February 2, 2016 / 9:25 AM / 2 years ago

Socialists to try to form government in Spain, but chances slim

MADRID (Reuters) - Socialist head Pedro Sanchez was named on Tuesday by King Felipe to lead talks to form a government in Spain, although chances of success are slim as he would need to strike a deal with several parties whose policies are incompatible.

Spain's King Felipe (L) greets Spain's Socialist Party (PSOE) leader Pedro Sanchez before their meeting at Zarzuela Palace in Madrid, Spain, February 2, 2016. REUTERS/Chema Moya/Pool

Sanchez said he accepted the king’s offer to negotiate a potential coalition government with other political parties because he wanted to break political deadlock and avoid a new national election in the next few months.

Spain has been without a government since inconclusive parliamentary elections on Dec. 20, and talks to resolve the situation have made little headway so far.

Acting Prime Minister Mariano Rajoy was picked after a first round of talks with the king last month because his conservative PP won most votes in the election.

But he deferred a parliamentary confidence vote on a new government because he lacked the support to win it. Rajoy said he had told the monarch on Tuesday he still had no majority to form a government and was not offered the nomination this time.

Sanchez said he would open talks with all parties - including Rajoy’s People’s Party (PP) - as of Wednesday, although he would not actively seek the backing of parties that favour Catalonia’s independence from Spain.

“The socialist party rises to the challenge with Spain so that the citizens of this country can have a government more than 40 days after the election and that rules through dialogue and for the benefit of all,” Sanchez told a news conference.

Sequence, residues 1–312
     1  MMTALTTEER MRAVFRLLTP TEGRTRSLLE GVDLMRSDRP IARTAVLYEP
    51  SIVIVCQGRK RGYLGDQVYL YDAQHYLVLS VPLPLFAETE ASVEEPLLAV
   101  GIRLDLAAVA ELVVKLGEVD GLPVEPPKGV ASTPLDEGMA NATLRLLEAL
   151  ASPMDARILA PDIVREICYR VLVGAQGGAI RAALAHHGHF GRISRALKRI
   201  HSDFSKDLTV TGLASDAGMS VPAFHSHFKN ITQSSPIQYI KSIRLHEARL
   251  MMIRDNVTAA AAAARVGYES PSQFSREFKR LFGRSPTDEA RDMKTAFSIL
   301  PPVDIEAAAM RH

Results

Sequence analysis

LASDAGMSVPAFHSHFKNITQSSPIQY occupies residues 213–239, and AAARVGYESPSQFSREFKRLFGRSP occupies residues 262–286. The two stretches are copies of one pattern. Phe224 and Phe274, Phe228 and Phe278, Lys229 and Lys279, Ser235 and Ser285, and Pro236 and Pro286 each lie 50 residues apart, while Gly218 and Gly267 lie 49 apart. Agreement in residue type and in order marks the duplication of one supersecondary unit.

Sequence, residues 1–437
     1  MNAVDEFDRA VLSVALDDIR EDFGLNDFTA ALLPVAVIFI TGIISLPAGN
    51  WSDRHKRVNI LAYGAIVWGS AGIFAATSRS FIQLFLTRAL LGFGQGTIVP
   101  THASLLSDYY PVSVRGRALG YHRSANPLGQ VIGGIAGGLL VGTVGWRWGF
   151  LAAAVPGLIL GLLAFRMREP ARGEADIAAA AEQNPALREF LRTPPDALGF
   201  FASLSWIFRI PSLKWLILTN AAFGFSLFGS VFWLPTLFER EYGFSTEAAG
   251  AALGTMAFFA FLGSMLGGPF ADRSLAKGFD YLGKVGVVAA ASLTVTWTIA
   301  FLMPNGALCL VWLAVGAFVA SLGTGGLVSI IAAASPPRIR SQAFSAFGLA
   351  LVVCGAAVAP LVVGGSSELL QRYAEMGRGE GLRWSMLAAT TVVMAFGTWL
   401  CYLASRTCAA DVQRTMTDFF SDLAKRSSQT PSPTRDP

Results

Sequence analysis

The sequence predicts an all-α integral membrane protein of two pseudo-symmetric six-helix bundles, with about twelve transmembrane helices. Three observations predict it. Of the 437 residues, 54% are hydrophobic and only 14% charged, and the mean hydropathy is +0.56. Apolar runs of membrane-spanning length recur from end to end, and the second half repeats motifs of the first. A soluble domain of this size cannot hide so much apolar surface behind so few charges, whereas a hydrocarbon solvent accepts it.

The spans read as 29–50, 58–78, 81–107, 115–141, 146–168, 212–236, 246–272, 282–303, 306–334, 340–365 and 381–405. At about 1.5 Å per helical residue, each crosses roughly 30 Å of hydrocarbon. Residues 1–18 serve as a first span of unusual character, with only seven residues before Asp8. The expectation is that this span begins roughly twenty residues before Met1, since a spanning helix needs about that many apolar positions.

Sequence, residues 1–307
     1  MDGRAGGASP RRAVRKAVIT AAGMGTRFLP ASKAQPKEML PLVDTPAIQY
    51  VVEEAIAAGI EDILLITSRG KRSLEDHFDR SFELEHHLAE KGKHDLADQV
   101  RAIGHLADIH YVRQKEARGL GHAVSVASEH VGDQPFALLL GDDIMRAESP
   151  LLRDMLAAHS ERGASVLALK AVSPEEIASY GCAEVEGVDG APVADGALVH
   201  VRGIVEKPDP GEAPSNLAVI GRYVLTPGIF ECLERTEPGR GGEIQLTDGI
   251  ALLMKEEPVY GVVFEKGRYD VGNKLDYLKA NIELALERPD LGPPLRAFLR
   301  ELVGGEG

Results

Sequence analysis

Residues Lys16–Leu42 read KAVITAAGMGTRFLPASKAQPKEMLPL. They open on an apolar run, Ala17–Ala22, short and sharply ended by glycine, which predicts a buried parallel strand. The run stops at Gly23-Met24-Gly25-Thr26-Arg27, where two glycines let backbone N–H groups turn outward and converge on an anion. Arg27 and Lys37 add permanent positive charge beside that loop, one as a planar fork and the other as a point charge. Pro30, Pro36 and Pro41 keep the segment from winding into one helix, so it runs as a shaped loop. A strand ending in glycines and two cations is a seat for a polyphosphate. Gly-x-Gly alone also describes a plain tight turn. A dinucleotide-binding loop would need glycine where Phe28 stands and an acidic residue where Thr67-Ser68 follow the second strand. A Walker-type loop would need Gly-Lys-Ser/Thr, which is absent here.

“It’s a new political era, with a parliament with more than two parties, with new dynamics, new problems and new solutions,” he also said.

SLIM CHANCES

Having ruled out a coalition with the PP and with senior members of his party opposing a deal with anti-austerity Podemos and regional parties, the socialist leader’s chances of success look slim however.

The Socialists could potentially achieve a majority by teaming up with Podemos and other leftist and regional parties, but they have different views on fundamental issues such as whether to organise an independence referendum in Catalonia.

Given Spain’s unprecedented parliamentary fragmentation, a minimum of four parties would have to agree on a joint program while several others would have to abstain, heralding arduous and long talks.

Sanchez said he would need at least one month before he can seek the confidence of the parliament.

Newcomer parties, anti-austerity Podemos and centrist Ciudadanos, said on Tuesday they were ready to sit down and discuss a potential agreement with the Socialists, although none of them has enough votes to secure a stable majority.

However, while Ciudadanos leader Albert Rivera said he would extend an open hand to Sanchez to try to open “a thrilling new chapter” in Spanish politics, Podemos leader Pablo Iglesias said the Socialists had only two options.

“One is a grand coalition that implies an agreement with the PP and Ciudadanos and the other is an option of progress with us and (former communists of) Izquierda Unida,” he said.

Meanwhile, Rajoy, whose PP fell well short of a majority in December, said he still favoured a grand coalition with the Socialists and Ciudadanos but that option was currently not possible because Sanchez opposed it.

Nevertheless, Rajoy said he did not rule out seeking the confidence of the parliament at a later stage depending on the course of events over the next weeks.

Under Spain’s constitution, a two-month deadline to form a government comes into effect once this first vote takes place. If that deadline expires a new national election is called.

With the country’s economic recovery still showing strong momentum and politicians facing little or no pressure from financial markets and business leaders to end the stalemate, few would now bet heavily against that outcome.

Additional reporting by the Madrid Newsroom

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